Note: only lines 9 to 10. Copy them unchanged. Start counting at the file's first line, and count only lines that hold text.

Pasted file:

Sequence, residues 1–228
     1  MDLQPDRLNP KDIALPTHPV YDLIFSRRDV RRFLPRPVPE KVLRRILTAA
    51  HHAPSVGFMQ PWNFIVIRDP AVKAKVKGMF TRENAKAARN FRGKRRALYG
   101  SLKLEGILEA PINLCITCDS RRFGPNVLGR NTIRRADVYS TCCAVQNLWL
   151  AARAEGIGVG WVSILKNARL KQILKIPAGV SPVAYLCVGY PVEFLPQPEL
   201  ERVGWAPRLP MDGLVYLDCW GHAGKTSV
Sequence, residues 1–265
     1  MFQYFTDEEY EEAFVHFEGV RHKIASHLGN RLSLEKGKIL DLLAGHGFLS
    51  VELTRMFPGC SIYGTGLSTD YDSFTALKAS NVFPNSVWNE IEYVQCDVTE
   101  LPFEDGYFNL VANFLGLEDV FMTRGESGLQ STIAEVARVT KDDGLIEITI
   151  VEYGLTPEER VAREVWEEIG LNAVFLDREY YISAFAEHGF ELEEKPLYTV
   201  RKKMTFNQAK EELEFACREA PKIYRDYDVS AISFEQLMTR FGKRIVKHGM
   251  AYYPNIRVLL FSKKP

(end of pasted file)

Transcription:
    51  VELTRMFPGC SIYGTGLSTD YDSFTALKAS NVFPNSVWNE IEYVQCDVTE
   101  LPFEDGYFNL VANFLGLEDV FMTRGESGLQ STIAEVARVT KDDGLIEITI